Join jolly Jay Jaffe on a tour of the 2011 season.
Jay Jaffe: Good afternoon! Apologies for the delay, had a minor tech issue. We should be good to go now... Listening to my stack off Springsteen boots in tribute to the passing of Clarence Clemons.
DanDaMan (SeaCliff): I heard from a very unreliable source (a WFAN personality) that Wilpon could sell 90% of the Mets and still hold controlling interest? Is this true? I always thought that whomever holds the majority has control?
Jay Jaffe: I would assume that owning the majority means having a controlling interest unless there's some kind of agreement otherwise, but I'm pretty sure your WFAN source is talking out of his ass. It's been reported that there's a very easy path to allow Einhorn to gain controlling interest of the club within the next few years: http://articles.nydailynews.com/2011-05-29/sports/29615067_1_wilpons-met-owners-david-wright
Greg (DC): Is BP going to bring back those Sunday Night game chats that you all did earlier in the season? I really enjoyed them, but I understand if it's tough to round up enough staff to make the chat worthwhile.
Jay Jaffe: It is very tough to keep herding the cats every week. I imagine we'll keep doing them for special occasions. We may have something else brewing on that front, though, so stay tuned!
Dave (Chicago): If you were Paul Depodesta, how upset would you be about Jonah Hill portraying you in a movie? Depo was at least in athlete in high school and college, no?
Jay Jaffe: As I understand it, Hill plays a character who's a composite of DePodesta and another A's assistant GM (I think David Forst?) so clearly, they used some artistic license. Not sure if it's going to work - not sure if any of it is going to work - but I suppose I'll be seeing it sooner or later.
Tom (Madison): How do you see the A's stadium/location issues playing out? In the next five years, do they stay in Oakland? Move to San Jose? Move somewhere else entirely? Or get contracted?
Jay Jaffe: I spoke to a well-connected friend of mine this weekend who said that he could foresee a scenario similar to the Expos fiasco. If Frank McCourt sues MLB over the TV contract and has enough leverage to force the other teams to open their books, the owners could pool together and buy him out, let A's owner Lew Wolff buy the Dodgers, and then let MLB do what they will with the A's - possibly moving them to another market.
Now, I don't know if I actually believe that, but it's clear that Bud is dragging his feet on the whole San Jose relocation question for the A's, and I wonder if he could use the opportunity to get Wolff out of his way as a means to do something more drastic. I don't see contraction happening, though.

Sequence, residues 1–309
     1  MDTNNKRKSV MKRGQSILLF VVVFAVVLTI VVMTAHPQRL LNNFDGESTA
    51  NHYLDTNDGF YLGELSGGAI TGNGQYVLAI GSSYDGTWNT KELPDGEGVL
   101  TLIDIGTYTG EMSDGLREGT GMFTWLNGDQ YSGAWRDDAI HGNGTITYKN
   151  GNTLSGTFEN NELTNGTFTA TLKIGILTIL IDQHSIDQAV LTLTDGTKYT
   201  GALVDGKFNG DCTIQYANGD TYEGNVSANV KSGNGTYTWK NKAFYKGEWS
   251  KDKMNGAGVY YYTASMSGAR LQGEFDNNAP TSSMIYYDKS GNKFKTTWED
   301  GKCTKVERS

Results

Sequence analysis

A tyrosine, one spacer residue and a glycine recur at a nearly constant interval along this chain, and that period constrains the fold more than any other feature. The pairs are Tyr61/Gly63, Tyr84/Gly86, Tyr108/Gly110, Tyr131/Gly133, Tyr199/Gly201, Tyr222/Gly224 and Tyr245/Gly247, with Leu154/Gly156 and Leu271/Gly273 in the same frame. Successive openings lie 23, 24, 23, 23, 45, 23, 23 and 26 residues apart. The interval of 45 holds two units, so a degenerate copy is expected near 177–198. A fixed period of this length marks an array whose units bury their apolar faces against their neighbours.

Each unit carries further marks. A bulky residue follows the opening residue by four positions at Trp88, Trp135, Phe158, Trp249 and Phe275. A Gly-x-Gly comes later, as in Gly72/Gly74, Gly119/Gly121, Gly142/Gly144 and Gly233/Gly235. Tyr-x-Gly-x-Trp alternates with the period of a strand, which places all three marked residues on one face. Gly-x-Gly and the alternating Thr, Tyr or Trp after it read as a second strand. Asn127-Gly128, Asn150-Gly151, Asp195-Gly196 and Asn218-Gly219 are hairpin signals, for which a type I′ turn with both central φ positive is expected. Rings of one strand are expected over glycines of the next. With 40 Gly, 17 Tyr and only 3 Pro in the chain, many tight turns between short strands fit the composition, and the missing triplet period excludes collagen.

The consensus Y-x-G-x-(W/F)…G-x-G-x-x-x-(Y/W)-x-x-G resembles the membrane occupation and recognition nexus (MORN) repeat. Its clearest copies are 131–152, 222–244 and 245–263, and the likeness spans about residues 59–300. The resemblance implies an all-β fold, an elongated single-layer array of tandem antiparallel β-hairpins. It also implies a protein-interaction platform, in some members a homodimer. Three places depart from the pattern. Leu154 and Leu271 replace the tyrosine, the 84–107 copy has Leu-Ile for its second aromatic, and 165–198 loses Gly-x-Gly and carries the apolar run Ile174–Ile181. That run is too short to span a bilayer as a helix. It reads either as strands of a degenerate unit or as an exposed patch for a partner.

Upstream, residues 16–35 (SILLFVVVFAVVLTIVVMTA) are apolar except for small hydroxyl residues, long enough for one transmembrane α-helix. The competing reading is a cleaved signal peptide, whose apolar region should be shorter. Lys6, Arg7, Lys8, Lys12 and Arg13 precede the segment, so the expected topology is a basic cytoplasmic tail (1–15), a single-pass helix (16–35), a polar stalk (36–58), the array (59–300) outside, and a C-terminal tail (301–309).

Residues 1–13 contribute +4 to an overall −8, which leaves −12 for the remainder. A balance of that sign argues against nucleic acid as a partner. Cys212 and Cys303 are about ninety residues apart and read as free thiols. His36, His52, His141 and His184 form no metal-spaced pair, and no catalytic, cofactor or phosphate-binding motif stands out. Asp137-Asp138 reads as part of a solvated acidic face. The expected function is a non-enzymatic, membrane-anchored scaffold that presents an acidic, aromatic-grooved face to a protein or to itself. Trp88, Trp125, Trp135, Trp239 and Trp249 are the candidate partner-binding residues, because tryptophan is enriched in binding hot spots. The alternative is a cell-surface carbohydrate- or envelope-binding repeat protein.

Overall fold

Damon (Oregon): Who would you like to buy the Dodgers once McCourt has to sell
Jay Jaffe: Well, I'd love to see what Mark Cuban would do with the team, but the chances of that happening are somewhere between "zero" and "never ever ever," because he's free-thinking enough to be a real danger to Bud Selig and the MLB cartel. I've heard faint rumors that Mark Attanasio would sell the Brewers to buy the Dodgers - I'd certainly be OK with that because I like the job he's done keeping Milwaukee competitive during his time there.
Beyond that, I'm not sure. I want somebody who's committed to restoring the Dodger brand to the elite status it once enjoyed instead of tarnishing it as a cut-rate enterprise the way McCourt has. Somebody who's committed to the fan base and the locale, who will spend the necessary money to keep the team competitive.
Call me when this guy rides into Chavez Ravine on his unicorn.
lionstar1964 (Philly burbs): I saw in today's paper that with his 500th double yesterday, Johnny Damon joins a group of 11 others (all HoF members) who have 2,500 hits, 500 doubles, 200 HR and 100 triples. I never thought of Damon as a potential HoFer before. Does he have any chance?
Jay Jaffe: Hmm. While Damon's been a very good player for a long time, that's a pretty meaningless collection of round numbers. The only one that really will enhance Damon's chances is 3,000 hits; If he can find a way to stick around for another 354 hits, he may get to Cooperstown.
As it is, Damon has two World Series rings, but only two All-Star appearances, and very little else to enhance his case. Not even close on JAWS. Hall of Very Good in the eyes of most.
Guillermo (Montevideo, Uruguay): Hi Jay! Always following your chats from the very south of the Americas. So, now that Albert "El hombre" will be sidelined for a month, what does this do for his impending Free Agency? thoughts? Letīs point out that he wouldnīt have had this injury playing third base (I know, I know..), from where I think he shouldn't have moved.
Jay Jaffe: Hey Guillermo! Thanks for stopping by. I bet Pujols could have handled third base for awhile longer but I'm not sure he'd be playable there today as anything more than an emergency.
I suspect that the injury increases the chances Pujols will return to St. Louis. Though he had certainly heated up in June (8 HR in 17 games), he's going to have a very hard time putting up the kind of numbers that would have helped him go beyond Teixeira/Gonzalez money. Maybe he takes a one-year deal to return, maybe he settles for something like 5/$150 mil... I don't know, but I do think his price tag will have to be down from the spring.
Nick Carter (London): With all the hitting coaches being fired, when will Larry Parrish be shown the door by the Braves?
He's taken one of the best offenses from last season, had Melky Cabrera withdrawn and Dan Uggla added, and has turned them into one of the worst this season.